It's 'position' on WO is largely an opinion expressed in a paper by Bishop John Rodgers. This opinion does not have any canonical effect and is not binding on the Province of Rwanda which still does ordain women.

You may recall the TEC parish in Plano Texas that left a few month's ago... All Saints I think, anyway it's 'pastor' or an associate expressed gratude for the parish's decision to affiliate with the AMiA because they could use the Rwandan loophole to continue to receive ordained women into their parish by way of Rwanda.

This intent was expressed clearly on Dick Kim's list which is read by Rodgers and most of the Bishops of the Network, AMiA, etc. There was no denial of the existance of the loophole or the fact it could be used to circumvent the AMiA's "position". In light of this I think it premature to speculate that the WO issue is closed for the AMiA.

This declaration of a ''position'' stating WO is no longer observed in the AMiA while it's episcopate stands by and receives ECUSA parishes who have publically expressed satisfaction with the loophole and their intent to circumvent the policy simply by sending women to Rwanda for ordination seems to me to be purposefully misleading.

As to CC Evangelism: I had the good fortune to witness the ACA's DEUS Synod and I can tell you firsthand it was well organized and first and foremost focused on evangelism, youth and growth. Very impressive. So much so as to remove any doubt in my mind as to the future of the ACA.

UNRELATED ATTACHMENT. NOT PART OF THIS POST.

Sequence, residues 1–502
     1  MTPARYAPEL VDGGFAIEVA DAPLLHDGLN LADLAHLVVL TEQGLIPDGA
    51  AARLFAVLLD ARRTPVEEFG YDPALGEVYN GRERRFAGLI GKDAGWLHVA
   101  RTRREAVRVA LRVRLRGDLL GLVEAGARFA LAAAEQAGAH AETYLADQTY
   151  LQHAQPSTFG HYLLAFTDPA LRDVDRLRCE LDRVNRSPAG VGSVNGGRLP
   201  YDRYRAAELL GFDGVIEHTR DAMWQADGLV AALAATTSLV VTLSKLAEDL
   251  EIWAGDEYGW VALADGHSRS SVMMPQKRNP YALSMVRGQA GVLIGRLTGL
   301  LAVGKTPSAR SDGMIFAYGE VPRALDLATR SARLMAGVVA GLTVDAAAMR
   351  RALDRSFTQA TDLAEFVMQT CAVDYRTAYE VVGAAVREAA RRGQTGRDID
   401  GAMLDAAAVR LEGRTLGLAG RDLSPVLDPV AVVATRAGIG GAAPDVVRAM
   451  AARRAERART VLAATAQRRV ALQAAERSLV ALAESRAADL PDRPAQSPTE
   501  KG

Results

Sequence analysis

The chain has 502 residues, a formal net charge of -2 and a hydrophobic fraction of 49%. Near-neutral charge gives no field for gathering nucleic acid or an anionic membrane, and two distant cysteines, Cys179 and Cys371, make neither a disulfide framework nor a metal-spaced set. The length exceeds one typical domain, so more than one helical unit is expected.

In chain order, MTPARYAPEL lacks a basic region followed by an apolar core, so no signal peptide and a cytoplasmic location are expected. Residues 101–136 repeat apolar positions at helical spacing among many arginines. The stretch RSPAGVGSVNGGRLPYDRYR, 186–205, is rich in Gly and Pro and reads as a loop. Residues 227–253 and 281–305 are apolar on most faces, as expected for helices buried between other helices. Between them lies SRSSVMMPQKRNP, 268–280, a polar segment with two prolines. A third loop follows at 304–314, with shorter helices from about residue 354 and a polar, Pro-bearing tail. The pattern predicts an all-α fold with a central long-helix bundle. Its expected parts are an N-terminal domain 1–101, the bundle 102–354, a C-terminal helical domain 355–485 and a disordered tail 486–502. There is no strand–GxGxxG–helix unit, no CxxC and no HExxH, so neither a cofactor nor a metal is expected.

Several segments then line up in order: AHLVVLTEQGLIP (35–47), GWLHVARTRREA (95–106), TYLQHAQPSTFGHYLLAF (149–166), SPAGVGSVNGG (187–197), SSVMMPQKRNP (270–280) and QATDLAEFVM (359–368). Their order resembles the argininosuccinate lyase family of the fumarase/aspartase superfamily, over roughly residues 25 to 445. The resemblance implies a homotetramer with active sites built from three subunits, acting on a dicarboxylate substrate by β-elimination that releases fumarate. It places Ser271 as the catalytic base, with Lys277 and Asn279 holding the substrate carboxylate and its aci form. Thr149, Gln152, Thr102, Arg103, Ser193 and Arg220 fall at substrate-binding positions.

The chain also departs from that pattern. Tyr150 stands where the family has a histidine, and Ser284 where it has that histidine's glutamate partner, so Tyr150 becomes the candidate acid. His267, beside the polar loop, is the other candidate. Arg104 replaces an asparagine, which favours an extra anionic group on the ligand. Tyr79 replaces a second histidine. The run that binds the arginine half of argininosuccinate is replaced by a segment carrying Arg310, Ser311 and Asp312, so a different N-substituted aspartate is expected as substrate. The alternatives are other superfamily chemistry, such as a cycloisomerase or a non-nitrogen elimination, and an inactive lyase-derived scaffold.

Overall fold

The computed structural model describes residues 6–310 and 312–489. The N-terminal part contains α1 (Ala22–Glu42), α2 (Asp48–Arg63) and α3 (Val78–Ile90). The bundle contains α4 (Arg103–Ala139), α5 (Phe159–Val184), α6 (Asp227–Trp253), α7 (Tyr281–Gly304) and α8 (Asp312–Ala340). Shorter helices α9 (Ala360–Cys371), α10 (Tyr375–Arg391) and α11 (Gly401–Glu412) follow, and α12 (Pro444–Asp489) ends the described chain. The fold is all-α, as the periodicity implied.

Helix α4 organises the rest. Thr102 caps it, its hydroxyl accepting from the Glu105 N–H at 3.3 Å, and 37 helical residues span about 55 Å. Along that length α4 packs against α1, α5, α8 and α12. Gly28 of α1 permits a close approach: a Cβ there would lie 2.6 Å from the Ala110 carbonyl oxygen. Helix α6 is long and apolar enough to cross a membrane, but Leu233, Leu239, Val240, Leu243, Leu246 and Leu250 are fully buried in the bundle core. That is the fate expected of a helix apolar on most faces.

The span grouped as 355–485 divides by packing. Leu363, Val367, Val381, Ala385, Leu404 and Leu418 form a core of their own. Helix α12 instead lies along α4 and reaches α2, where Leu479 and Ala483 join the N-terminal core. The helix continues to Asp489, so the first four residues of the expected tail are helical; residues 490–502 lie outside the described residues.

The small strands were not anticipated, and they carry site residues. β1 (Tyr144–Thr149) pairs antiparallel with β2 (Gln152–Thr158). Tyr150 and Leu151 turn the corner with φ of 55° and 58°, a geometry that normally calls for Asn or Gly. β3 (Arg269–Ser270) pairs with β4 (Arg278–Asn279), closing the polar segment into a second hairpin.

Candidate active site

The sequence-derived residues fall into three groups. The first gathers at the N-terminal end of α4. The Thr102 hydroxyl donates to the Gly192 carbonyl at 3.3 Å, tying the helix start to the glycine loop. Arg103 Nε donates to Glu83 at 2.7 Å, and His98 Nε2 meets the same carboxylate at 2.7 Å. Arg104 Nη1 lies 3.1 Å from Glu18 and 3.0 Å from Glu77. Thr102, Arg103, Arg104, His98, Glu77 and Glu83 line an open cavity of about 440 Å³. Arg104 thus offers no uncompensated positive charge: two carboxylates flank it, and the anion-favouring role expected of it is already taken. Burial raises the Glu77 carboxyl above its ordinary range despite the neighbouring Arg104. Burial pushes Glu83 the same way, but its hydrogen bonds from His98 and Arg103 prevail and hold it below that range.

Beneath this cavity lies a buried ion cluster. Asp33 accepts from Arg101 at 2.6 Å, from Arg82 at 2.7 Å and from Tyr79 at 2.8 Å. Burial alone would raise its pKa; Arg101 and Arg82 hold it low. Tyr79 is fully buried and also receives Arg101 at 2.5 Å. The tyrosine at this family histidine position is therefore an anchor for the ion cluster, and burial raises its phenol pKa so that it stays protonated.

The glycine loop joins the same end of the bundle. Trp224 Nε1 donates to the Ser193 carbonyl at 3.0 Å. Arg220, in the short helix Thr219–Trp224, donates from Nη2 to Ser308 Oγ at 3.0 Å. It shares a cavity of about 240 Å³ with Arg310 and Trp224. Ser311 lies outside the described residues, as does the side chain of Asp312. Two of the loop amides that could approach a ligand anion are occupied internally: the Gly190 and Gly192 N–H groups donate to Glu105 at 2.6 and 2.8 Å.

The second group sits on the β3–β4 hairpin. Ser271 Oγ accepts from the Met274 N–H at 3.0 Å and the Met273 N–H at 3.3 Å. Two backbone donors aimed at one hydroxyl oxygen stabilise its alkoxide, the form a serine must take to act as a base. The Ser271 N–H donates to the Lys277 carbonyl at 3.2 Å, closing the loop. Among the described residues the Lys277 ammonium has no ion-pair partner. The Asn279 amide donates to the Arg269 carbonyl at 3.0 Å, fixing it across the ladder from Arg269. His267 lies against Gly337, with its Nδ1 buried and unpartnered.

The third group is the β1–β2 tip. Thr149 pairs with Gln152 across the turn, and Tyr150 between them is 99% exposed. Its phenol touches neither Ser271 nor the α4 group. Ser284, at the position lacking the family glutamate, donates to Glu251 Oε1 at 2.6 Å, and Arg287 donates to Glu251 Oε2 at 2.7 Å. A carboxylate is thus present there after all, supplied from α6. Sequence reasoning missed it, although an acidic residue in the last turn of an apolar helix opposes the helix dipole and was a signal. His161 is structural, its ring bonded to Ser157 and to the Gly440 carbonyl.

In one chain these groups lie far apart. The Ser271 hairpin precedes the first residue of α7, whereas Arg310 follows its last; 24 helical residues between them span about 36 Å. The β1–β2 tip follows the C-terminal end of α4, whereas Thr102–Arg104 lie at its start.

Alice C. Linsley said...

Thank you for a compassionate response to the disaster of ECUSA/TEC. By all means send out the life rafts!

Fr. Hart, you might be interested in several essays on the Priesthood posted at my blog:

I've articulated from an anthropological view why the priesthood is from primeval times, and by definition, male.

Anonymous said...

Quote: "What does this mean for those of us who stand on the 1977 Affirmation of St. Louis?" What this means is that we can no longer do business as usual. We need to become motivated and willing to compromise. However, I do not mean compromise on truth. ACA and APA need to stop flirting with AMiA and other non-orthodox Anglicans (they see you all as a bunch of 'hocus pocus' believing Catholics anyway). ACC, UEC, and APCK need to stop carrying on about the Deerfield Beach episode and legitimacy of orders. We in the Continuum need to work together...why? Because we've been around for thirty years and have dropped the ball.

How long has CANA been around? They have over thirty parishes and fifty clergy. How many does AMiA have?...I'm sure a lot more than thirty parishes and fifty clergy. I don't think numbers are everything...but I think motivation and priorities are. We in the Continuum need to get some priorities staright.

D. Straw, Evansville

Anonymous said...

It would be naive to assume that AMIA has come to the orthodox position on WO. I happen to be familiar with a local AMIA parish which has a priestess on staff. A close look at the the AMIA website shows others as well. My impression (and it's only an impression)is that the typical neo-Anglican attitude is that priestesses are okay as long as they serve under the supervision of a male rector. But then at least one congregation of the Anglican Alliance of North Florida has a female Rector.

Anonymous said...